Varicose veins (and haemorrhoids) in pregnancy are unfortunately very common due to the weight of the your growing baby, pushing down on the veins in your pelvis and major blood vessel called the inferior vena cava.
Haemorrhoids are varicose veins of the rectal area.
Thankfully they generally cease to be a problem once your baby has been born.
There are a couple of things you can do to avoid or minimise the severity including eating a well balanced and fibrous diet, drinking plenty of fluids and engaging in some form of exercise every day. This will help avoid putting on too much weight too quickly, keep the circulation moving in your body and help you avoid constipation, which haemorrhoids are often a bi-product of.
Avoid sitting or standing for long periods of time and don’t cross your legs or feet. Wherever possible, take a load off and elevate your feet.
You can also use compression stockings to help prevent blood from pooling in your legs.
If haemorrhoids become a real issue, you can try sitting in a warm sitz bath. In more severe cases, your doctor may recommend an over-the-counter preparation to help ease the pain and reduce the inflammation.
Gestational diabetes mellitus – also known as GDM, is diabetes which can occur during pregnancy. Many women who’ve been diagnosed with GDM won’t have diabetes after their baby is born, though some continue to have high levels of blood glucose and need treatment. Most women who are diagnosed with GDM have a normal pregnancy, labour and baby. It’s important that GDM is monitored and controlled, because risk factors increase when blood sugar levels remain high.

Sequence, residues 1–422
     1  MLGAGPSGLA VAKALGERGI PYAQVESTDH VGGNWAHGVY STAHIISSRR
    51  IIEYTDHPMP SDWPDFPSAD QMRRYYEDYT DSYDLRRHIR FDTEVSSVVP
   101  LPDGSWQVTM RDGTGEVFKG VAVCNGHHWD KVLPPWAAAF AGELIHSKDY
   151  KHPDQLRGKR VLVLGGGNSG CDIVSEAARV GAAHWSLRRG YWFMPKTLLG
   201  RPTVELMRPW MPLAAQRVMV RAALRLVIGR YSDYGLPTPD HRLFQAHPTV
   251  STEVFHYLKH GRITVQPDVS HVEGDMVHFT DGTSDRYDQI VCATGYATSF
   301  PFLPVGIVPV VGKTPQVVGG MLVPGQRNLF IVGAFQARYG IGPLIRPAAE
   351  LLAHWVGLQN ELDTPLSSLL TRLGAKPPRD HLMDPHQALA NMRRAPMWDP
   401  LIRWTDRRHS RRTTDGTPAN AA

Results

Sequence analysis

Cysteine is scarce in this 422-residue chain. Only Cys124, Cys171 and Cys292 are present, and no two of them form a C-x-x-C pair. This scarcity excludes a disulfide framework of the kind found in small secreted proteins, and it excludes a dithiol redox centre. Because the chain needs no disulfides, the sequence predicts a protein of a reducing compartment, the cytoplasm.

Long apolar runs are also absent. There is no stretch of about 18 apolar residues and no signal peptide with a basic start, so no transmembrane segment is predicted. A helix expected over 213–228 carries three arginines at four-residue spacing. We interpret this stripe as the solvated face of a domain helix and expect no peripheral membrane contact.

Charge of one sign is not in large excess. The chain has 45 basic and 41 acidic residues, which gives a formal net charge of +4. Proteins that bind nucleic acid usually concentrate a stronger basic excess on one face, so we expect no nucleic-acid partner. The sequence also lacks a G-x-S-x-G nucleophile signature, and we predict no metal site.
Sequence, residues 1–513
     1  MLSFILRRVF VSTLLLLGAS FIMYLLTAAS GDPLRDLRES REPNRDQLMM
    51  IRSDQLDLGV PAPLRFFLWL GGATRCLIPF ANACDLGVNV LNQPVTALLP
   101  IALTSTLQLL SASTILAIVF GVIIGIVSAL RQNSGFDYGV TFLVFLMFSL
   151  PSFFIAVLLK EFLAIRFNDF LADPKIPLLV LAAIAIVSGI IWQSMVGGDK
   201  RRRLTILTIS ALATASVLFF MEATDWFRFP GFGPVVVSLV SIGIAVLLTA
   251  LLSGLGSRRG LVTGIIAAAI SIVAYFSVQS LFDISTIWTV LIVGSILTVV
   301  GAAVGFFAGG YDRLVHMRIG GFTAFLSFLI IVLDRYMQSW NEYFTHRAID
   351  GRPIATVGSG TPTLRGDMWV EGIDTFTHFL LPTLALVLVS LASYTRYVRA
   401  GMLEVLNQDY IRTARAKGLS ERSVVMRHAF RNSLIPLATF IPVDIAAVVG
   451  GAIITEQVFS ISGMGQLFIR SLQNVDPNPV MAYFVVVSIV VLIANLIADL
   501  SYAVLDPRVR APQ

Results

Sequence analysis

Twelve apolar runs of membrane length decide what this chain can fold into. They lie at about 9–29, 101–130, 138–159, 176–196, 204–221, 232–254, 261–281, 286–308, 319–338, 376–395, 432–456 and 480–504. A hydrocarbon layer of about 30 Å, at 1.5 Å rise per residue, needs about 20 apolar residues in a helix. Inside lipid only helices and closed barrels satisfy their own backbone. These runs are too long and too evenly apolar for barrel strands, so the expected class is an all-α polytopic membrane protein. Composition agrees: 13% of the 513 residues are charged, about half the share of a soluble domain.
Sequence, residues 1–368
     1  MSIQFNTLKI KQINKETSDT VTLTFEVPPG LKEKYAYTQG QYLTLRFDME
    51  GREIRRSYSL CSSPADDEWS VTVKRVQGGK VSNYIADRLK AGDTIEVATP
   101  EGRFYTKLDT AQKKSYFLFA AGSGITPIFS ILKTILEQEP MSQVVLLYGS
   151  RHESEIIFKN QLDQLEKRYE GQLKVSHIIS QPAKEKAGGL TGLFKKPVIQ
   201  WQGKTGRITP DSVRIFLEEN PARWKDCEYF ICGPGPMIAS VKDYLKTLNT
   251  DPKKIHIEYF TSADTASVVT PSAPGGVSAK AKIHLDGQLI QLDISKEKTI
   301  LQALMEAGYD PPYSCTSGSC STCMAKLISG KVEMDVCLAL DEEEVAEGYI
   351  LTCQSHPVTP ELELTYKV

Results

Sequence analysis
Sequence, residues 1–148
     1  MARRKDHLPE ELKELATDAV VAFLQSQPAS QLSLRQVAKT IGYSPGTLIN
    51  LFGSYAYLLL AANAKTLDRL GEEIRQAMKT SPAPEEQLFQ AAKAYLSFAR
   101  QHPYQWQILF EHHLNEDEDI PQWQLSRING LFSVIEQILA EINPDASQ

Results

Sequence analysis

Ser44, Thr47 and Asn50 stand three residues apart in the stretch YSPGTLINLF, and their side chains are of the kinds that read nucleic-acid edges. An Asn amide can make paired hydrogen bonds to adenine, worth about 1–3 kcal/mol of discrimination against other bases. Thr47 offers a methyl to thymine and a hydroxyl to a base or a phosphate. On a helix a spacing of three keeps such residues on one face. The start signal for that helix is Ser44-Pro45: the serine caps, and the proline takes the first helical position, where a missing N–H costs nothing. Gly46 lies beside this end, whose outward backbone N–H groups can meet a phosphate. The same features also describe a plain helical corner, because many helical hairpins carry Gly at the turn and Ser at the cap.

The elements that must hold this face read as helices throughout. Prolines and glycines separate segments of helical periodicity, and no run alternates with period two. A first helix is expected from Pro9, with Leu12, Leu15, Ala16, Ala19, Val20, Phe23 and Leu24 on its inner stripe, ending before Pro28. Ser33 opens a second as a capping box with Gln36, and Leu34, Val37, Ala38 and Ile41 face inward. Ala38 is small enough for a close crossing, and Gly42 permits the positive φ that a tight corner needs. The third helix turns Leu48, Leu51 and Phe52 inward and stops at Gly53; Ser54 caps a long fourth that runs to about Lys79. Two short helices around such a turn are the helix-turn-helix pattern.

Many of us enjoy a cup of coffee or two a day and would find it difficult to give up. The good news is that even breastfeeding mothers can continue to drink coffee, or tea in moderation.
With a newborn comes many new skills to learn – one of them being how to safely wrap a baby. Wrapping (also known as swaddling) is a great strategy for parents to help their baby settle. Yet, new parents may understandably feel worried about their baby’s safety and getting it right. Read on for step-by-step guidelines on how to safely wrap a baby, plus some additional tips for safe wrapping.
One small person in a family is a very different arrangement than two, or more children. When a new baby comes into the mix, dynamics change and everyone needs to shuffle around until new positions are found.
Many parents have heard of bottle propping, also known as prop feeding. And most of us have seen babies sucking quietly away on their own.
Bottle propping is when, instead of the baby being held to drink their bottle, they are on their own. The bottle is supported by a pillow or blanket, even a soft toy so that it’s angled with the milk filling the neck of the bottle and the teat. The baby lies in their cot/pram/on the floor sucking away on their own.